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Review: Wide Boyz II – Slender Gentlemen 26 Mar 2014
John Coefield reviews the latest movie from Hotaches: Wide Boyz II.
"Wide Boyz II – Slender Gentlemen is the story of Pete and... [ full review ]
Christmas Discount on SteepEdge Dec 2013
We are giving 20% of all films until midnight on January 1st with discount code NY14. Watch some classic mountaineering epics,... [ full story ]
Here at SteepEdge we like to watch quality, creative adventure movies. It just so happens that filmmakers often give away such... [ full story ]
This DVD by Shawn Boye, the first full-length film of Bouldering in Scandinavia's best known area of Kjuge, is a wonderful package of brutal yet stylish mouth watering bouldering.
The fabulous looking bloc sport is located in the nature reserve of Kjugekull, and is one of the largest and best areas for bouldering in Sweden, with 1050 boulder problems, making this region a must visit for the bouldering faithful.
The film is shot with the players all speaking Swedish, however this does not detract from the action and the English subtitles are very welcome to get in the minds of the bouldering clan, who look as they are having a fantastic time on the blocks set in a beautiful forest. And as well they might, as the rocks look quality and the first thing you notice is their size, as these are in the main seriously big and you are sweating just looking at them and some of the appalling landings!
There is a full range of problems showcased from overhanging crimpy horror shows, to slabs and the most amazing aręte action, and dynos and some technical traverses. The aesthetic granite blocks take centre stage in this film and the strong locals climb in a quiet, methodical manner and yet with all the frustrations of a boulderer. In one scene, where the climber fails, he throws his shoes away in disgust. "You thrive on anger" his mate says, recognise that anyone?
The film's feel is homely and very accessible and the climbers are not unlike those here the UK bouldering scene, with shouts of encouragement and spotting with wails of "combien!" (loosely translated into "give it beans!") and without all the chest beating and screaming into the lens that you get in some bouldering films. These lads and ladies are a dignified bunch and they are sickly strong. The chit-chat is cut to a minimum, which allows the film to flow from problem to problem and the wonderful production with genius split screens, gives the impression that Shawn has put a lot of effort into this film.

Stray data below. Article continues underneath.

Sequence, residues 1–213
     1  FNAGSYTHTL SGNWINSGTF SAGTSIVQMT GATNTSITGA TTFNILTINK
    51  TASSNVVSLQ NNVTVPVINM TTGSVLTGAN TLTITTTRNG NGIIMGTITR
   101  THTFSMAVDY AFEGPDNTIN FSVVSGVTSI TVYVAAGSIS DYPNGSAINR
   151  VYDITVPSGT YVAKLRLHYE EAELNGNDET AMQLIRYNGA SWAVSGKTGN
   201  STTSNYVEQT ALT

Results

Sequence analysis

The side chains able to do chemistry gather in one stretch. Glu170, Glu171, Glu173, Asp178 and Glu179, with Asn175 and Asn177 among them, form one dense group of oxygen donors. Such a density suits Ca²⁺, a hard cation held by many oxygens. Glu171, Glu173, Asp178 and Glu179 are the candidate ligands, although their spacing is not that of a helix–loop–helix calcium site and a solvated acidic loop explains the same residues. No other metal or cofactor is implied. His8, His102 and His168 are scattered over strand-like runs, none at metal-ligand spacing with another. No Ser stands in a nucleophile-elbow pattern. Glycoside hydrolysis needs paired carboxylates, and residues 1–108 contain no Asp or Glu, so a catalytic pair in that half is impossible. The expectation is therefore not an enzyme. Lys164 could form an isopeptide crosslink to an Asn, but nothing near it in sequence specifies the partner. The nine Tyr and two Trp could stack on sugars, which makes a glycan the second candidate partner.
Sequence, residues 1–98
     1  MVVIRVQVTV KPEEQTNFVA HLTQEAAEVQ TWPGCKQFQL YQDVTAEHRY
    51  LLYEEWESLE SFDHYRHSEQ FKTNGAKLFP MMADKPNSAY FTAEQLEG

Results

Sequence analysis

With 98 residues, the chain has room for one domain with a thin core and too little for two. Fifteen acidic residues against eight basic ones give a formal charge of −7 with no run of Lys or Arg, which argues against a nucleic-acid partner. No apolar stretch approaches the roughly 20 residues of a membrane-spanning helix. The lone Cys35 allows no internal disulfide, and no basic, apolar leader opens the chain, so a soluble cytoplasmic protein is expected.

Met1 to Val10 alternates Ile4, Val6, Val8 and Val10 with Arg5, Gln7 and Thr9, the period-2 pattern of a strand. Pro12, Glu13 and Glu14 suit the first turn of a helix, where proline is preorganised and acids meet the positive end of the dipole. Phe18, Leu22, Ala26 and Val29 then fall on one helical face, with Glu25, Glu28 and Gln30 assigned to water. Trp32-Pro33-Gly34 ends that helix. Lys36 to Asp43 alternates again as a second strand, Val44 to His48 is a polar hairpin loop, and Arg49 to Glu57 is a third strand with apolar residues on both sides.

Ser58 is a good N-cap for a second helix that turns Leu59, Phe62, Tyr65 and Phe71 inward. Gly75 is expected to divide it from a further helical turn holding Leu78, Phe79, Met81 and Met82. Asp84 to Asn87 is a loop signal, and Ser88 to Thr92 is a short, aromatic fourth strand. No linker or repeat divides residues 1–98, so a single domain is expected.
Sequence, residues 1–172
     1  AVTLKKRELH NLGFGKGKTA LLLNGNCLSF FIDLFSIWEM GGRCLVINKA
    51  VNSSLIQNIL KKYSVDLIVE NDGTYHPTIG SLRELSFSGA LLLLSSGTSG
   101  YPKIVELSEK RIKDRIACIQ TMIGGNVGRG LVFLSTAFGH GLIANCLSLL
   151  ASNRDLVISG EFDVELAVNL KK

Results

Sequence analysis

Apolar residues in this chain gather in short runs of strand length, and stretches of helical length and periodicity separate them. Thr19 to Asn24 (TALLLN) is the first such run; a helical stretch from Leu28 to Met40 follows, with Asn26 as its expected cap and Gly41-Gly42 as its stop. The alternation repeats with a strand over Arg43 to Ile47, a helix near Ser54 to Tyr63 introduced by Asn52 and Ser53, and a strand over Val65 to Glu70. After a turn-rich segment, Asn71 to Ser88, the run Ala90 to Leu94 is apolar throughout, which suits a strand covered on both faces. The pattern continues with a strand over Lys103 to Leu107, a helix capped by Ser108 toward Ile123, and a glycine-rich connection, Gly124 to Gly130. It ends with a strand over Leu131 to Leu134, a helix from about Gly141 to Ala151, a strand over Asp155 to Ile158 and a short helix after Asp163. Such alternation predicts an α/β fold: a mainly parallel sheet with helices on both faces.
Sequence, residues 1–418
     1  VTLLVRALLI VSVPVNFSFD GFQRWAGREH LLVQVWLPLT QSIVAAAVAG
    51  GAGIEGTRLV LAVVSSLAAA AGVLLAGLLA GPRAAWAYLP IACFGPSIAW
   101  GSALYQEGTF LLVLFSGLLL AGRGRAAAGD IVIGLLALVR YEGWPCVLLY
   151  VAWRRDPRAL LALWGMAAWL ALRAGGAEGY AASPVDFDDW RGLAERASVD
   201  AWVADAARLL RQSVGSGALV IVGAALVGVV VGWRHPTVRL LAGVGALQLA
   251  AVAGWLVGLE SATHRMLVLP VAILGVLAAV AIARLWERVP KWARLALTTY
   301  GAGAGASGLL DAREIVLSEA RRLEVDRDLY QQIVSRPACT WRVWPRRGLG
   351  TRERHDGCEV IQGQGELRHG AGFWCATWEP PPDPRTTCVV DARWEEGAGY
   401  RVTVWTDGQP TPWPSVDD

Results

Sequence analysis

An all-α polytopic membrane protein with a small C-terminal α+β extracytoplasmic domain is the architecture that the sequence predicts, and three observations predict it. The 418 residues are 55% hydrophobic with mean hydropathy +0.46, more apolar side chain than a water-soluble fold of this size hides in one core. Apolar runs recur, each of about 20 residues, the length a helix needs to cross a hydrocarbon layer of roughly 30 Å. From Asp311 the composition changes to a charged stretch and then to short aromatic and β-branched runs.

This DVD has the atmosphere of mates out bouldering having a great time, sketching up problems one minute, then working problems that look heinous the next, and finally cruising up some lovely looking lines in superlative Scandinavian sunshine.
The soundtrack is the best I have ever heard, with mainly great Reggae and African rhythms, which gives the production a smooth and laid back atmosphere, with impeccable timing of tracks that, although may not suit all tastes, dovetail into the action in an impressive way.
In short, this DVD does a great job on many levels, not least that in makes you want to go there and pull on the characteristic lines. It serves the boulder-hungry fraternity with some great climbing porn. Looking for negatives, I can't see any at all, apart from the fact that I now know what treats lie in the woods and I want to know more!
The running time is 72 minutes and there are some extras with out takes etc. which are amusing and, although it's £20 of your hard earned money, it's well worth it for repeated viewing on those cold wet days to inspire and make you think hard about your next bouldering holiday.
All in all this is a must buy for boulderers, it does not disappoint and is a fantastic insight to the bouldering at Kjuge. "Tjugo Pĺ Kjuge" more or less means "Twenty From Kjuge". If that's kilometres, I sure wish it was from my house.
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